After decades of development in computer science, memory corruption bugs still pose a threat to the reliability of software. Automatic crash reporting and fuzz testing are effective ways of gathering information about program bugs. However, these methods can potentially produce thousands of crash dumps, motivating the need for grouping and prioritizing crashes. In addition, the time necessary to analyze the root cause of crashes and to implement a reliable fix in source code should be reduced.
This thesis demonstrates how fuzzing can produce a large set of different crashes in a real program. An empirical study explores methods for analyzing these crashes. Automatic bucketing and classification is performed. Call stack based grouping algorithms are compared, and modifications are suggested. Taint analysis is demonstrated as a complementary method to automatic classification based on crash dumps. Dynamic analysis using execution traces is demonstrated as a method for root cause analysis. The empirical study suggests some general results regarding program crash analysis.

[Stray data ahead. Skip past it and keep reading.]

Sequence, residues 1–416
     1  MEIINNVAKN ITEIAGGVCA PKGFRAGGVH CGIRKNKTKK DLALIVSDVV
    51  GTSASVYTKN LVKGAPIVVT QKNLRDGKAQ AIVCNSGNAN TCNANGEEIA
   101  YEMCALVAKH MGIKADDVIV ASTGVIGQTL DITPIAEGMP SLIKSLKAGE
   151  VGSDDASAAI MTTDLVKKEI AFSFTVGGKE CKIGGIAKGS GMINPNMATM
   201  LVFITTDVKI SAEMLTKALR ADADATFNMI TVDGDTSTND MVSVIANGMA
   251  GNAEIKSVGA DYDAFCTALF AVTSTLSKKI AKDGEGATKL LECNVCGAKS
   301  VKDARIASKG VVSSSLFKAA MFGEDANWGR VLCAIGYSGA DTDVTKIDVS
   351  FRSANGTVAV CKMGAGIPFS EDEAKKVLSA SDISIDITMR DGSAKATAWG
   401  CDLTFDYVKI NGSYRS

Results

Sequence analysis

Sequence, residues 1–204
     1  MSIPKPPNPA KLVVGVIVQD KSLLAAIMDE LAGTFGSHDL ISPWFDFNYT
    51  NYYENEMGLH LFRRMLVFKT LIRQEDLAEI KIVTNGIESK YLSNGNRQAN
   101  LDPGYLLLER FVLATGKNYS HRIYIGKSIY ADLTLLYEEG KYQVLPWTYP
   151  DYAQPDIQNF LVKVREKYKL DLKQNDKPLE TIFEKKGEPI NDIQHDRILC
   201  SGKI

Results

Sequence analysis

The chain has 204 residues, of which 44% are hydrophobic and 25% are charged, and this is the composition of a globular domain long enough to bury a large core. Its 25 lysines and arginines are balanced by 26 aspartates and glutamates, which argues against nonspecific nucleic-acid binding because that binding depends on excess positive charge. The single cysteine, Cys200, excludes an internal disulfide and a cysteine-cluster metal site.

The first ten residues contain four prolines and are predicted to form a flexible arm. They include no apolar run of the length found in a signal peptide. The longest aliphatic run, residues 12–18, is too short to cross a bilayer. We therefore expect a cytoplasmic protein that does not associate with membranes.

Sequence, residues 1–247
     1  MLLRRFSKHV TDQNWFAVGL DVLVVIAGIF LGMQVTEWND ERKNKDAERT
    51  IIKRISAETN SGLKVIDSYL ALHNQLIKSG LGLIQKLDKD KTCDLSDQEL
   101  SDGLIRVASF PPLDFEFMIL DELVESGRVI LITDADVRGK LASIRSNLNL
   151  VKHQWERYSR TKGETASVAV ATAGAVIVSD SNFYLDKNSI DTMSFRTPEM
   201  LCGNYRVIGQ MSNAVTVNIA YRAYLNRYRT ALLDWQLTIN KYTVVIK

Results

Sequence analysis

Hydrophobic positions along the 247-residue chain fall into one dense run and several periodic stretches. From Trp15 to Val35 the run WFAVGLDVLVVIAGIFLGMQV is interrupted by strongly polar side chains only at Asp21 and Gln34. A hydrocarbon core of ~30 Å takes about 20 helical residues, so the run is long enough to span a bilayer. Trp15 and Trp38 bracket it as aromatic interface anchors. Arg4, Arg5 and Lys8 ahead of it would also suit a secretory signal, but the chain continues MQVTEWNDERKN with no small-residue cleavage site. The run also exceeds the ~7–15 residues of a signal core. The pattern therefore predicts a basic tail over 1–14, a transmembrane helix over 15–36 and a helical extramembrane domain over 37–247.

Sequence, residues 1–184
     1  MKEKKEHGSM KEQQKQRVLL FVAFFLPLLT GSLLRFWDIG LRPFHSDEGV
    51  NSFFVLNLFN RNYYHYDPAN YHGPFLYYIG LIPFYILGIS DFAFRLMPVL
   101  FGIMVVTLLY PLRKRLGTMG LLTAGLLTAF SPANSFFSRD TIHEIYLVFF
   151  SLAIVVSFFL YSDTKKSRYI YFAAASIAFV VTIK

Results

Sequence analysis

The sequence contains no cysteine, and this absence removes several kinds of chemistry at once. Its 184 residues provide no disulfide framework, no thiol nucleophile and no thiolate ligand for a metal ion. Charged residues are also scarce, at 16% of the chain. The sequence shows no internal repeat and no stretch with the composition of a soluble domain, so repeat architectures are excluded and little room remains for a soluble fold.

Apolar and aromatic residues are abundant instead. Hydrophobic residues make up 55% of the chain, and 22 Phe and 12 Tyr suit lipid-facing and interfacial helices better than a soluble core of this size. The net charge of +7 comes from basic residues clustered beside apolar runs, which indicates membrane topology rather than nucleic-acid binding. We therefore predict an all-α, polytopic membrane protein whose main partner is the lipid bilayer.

Crashes should be grouped based on related crash locations and identified similarities in call stacks. A distance algorithm can be used for call stack based grouping and to identify relations between groups. It is suggested that a weighted priority model should be used for prioritizing crashes based on a strategic policy. Some possible metrics are frequency, reliability, severity estimate and relations to already fixed bugs. In order to properly fix a memory corruption bug, the underlying cause should be understood at machine-level. Execution traces with logged operands, differential debugging, Crash Graphs and input analysis might help developers analyze different aspects of memory corruption bugs.